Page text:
2:50PM I have sent my kiddos home or to extended school care, so it’s time to grab my youngest son from his class and race to get to older son’s school car line. Older son is in second grade at our local parochial school and currently preparing for his first communion. We pick him up and head to his piano lesson. On the way, older son and I go over his weekly spelling words, school day gossip and various Harry Potter trivia.
3:30PM Younger son and I watch older son’s piano lesson at his teacher’s house. Younger son plays with the piano teacher’s LEGOs and dog. I spend most of that time making sure that my 3-year-old doesn’t feed crackers to the dog. I am unsuccessful.
4:15PM We are home and in full after-school deconstruction. Older son does his homework on the kitchen table while younger son rides his bike around our fenced driveway. I am a whirling dervish in the kitchen, watching the 3-year-old through the open doors, double-checking math facts, unloading the dishwasher, making next day lunches and preparing dinner.
5PM While dinner is simmering, I throw both boys in the bath. Sometimes the only way I get the 3-year-old into our bathroom is in a football hold. Once he is in the water, however, he is loath to leave his pirate ships and plastic sharks. Older son barely touches the water in his tub, since he is in and out so quickly. I take my own lukewarm shower and try to get ready for tonight’s rehearsal, while unsuccessfully coaxing younger son out of the bath.
6PM The three of us sit down to eat dinner. My husband comes home in the middle of the excitement, which causes even more whimsical chair dancing. Sean and I exchange places and kisses, so I can go to the theater. As I leave, the boys manage to finish their meals in exchange for dessert.
7:30PM In the rehearsal studio, I go over blocking and character notes, and chatter with my fellow actors. In this show, I have a comic accent, so whenever I have a free second I go over my dialogue in character. I apologize to anyone who catches a glimpse of me, shouting and gesticulating wildly in my car on the drive over to the theater.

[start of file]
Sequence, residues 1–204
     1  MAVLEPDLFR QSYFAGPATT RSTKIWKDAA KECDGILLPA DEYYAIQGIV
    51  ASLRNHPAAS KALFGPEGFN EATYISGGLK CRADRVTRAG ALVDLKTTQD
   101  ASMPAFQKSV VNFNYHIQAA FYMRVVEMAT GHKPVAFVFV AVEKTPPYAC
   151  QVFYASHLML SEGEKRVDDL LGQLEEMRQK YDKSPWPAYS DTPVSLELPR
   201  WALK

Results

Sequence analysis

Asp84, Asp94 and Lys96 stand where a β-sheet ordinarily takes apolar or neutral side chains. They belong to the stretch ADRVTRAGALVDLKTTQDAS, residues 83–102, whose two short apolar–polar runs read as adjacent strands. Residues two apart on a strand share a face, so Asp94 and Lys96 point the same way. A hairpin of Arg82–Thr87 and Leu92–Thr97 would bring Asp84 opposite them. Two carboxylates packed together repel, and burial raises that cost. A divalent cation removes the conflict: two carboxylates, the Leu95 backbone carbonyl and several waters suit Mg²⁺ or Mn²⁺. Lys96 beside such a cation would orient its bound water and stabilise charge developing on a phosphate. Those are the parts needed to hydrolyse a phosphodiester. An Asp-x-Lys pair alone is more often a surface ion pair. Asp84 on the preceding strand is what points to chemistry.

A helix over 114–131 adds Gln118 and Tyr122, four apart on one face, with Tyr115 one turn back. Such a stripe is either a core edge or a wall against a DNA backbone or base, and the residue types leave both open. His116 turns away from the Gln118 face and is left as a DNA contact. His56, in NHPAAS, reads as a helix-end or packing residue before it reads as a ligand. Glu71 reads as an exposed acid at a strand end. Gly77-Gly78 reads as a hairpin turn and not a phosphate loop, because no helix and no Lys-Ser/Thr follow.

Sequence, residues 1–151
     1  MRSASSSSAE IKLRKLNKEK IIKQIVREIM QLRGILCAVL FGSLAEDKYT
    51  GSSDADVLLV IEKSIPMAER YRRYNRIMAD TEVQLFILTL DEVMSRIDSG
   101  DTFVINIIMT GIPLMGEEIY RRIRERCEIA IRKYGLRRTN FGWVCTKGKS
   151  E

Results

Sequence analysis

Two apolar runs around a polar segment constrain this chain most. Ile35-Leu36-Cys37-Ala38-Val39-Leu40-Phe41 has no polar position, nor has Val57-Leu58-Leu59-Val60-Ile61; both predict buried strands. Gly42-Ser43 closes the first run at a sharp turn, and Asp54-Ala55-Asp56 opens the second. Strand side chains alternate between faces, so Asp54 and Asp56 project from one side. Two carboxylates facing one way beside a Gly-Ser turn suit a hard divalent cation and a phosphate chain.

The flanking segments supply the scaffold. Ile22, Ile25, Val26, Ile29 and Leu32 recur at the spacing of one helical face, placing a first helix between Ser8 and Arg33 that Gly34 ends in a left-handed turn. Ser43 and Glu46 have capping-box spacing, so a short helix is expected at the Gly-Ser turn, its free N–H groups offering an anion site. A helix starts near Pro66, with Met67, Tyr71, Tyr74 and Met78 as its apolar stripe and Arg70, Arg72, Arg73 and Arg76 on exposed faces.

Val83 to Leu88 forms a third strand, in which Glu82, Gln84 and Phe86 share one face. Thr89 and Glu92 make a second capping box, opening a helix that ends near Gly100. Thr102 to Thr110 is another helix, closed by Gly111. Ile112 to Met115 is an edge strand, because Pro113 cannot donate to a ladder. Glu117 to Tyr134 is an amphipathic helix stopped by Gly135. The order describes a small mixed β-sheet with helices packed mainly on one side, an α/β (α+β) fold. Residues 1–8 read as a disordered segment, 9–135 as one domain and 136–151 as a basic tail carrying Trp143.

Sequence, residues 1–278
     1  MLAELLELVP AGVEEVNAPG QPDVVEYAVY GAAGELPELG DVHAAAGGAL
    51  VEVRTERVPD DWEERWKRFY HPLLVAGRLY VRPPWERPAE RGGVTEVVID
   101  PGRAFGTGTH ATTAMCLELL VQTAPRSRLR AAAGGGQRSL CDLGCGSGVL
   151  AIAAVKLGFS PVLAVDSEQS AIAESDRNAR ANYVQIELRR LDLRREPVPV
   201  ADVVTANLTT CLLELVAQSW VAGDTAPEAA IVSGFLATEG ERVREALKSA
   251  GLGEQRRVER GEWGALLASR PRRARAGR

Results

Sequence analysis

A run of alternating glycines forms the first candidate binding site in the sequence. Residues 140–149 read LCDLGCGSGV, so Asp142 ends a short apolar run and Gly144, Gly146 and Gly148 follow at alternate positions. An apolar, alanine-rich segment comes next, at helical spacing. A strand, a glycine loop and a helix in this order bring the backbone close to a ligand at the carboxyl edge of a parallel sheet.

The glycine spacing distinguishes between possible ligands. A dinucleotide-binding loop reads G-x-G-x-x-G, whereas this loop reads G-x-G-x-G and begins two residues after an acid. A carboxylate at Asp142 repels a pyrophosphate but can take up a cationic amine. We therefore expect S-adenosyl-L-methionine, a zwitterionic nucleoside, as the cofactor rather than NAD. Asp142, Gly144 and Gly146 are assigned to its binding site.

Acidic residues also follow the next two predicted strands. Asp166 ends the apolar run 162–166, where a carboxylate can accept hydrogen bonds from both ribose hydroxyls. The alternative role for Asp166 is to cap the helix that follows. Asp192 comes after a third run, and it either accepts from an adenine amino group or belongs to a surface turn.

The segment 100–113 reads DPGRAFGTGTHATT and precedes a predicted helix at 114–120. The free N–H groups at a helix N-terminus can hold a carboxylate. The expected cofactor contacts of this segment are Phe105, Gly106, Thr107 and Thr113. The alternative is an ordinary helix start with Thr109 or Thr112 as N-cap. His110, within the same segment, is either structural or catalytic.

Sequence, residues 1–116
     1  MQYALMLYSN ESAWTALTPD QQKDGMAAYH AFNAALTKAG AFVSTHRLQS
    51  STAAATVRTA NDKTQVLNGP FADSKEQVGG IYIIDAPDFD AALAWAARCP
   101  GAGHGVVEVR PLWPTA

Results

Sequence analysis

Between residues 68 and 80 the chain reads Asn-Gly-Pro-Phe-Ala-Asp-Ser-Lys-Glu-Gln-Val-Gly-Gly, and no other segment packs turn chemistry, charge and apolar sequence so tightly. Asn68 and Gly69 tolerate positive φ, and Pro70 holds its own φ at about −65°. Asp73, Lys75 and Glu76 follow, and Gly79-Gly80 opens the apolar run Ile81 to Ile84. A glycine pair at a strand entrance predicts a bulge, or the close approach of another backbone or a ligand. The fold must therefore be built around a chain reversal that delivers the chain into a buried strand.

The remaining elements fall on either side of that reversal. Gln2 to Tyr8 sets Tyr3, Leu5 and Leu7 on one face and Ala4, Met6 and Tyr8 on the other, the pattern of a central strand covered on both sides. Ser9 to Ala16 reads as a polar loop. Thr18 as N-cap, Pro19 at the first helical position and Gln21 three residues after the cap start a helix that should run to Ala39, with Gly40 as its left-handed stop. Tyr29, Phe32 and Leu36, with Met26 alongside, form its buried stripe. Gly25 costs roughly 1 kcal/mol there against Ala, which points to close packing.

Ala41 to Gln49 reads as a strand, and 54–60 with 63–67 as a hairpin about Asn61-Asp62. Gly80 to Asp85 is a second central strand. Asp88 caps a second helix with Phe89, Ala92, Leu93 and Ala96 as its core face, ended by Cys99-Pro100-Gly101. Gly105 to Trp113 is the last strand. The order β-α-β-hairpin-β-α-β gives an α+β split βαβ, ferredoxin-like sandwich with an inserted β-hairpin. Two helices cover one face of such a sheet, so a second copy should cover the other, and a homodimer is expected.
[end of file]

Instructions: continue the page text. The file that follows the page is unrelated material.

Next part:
10:30PM I return home to find a very excited dog in the kitchen and an engrossed husband on the computer. Sean is a trained pianist, and most evenings can be found recording or transcribing music in the study. I clean and sort out the kitchen for the next morning, nibbling on a late-night snack of cookies, before I head to the study to use the other computer. I check all electronic fronts again — all while discussing the day with my husband.
11PM Sean and I get ready for bed. He finishes up a few more things on his phone, while I check on the boys. Older son is buried under his covers, a copy of the third Harry Potter book next to him, while younger son snoozes on top of his stuffed animals at the foot of his bed. I give them extra kisses and cuddles. I climb into bed next to the wretchedly spoiled dog and gently snoring husband. It will be a while before I relax enough to fall asleep. Sometimes, late at night, I worry that we have too many balls in the air. Then I think about how much the boys enjoy all of our adventures. I count my blessings and drift off to sleep.